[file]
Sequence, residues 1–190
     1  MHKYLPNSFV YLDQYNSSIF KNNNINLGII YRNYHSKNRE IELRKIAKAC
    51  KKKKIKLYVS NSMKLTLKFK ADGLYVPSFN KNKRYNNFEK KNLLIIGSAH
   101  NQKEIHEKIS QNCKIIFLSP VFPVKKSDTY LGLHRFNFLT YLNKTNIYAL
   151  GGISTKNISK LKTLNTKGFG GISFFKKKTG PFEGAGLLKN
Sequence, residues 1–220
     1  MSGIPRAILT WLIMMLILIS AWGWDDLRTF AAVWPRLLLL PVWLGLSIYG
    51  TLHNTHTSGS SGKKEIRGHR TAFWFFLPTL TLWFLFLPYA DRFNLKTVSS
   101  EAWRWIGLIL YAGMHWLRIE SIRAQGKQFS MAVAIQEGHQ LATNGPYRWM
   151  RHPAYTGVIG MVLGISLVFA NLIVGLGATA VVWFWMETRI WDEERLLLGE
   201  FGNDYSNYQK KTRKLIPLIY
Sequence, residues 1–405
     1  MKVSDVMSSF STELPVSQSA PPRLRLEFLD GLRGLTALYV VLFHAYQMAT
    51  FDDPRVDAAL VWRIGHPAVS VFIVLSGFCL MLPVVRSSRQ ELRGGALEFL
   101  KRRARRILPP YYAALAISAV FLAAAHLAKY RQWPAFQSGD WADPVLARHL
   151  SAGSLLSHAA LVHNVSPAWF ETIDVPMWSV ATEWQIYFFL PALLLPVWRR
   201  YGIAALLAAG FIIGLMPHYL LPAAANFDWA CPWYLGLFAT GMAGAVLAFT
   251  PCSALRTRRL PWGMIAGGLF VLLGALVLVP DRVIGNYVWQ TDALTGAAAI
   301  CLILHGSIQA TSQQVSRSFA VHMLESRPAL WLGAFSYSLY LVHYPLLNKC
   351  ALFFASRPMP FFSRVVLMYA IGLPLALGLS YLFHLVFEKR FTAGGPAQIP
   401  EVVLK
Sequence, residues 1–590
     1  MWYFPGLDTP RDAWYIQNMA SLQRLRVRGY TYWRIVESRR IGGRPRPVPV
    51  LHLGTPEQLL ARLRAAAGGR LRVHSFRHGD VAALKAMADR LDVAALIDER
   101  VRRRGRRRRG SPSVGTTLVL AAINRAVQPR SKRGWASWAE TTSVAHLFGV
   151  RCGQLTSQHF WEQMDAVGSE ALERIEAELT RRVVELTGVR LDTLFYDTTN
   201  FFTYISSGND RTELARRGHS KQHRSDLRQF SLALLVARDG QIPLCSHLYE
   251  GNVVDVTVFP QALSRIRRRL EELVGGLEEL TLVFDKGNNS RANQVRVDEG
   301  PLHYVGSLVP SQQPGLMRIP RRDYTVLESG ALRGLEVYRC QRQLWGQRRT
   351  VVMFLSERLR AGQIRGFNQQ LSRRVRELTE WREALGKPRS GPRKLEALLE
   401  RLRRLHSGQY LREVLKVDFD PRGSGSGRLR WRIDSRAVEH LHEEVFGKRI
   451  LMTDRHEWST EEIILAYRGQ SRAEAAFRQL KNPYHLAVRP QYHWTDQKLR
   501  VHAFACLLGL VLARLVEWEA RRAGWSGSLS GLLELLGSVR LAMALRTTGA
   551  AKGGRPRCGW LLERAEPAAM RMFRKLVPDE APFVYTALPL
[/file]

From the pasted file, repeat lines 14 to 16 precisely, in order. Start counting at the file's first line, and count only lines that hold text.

    51  FDDPRVDAAL VWRIGHPAVS VFIVLSGFCL MLPVVRSSRQ ELRGGALEFL
   101  KRRARRILPP YYAALAISAV FLAAAHLAKY RQWPAFQSGD WADPVLARHL
   151  SAGSLLSHAA LVHNVSPAWF ETIDVPMWSV ATEWQIYFFL PALLLPVWRR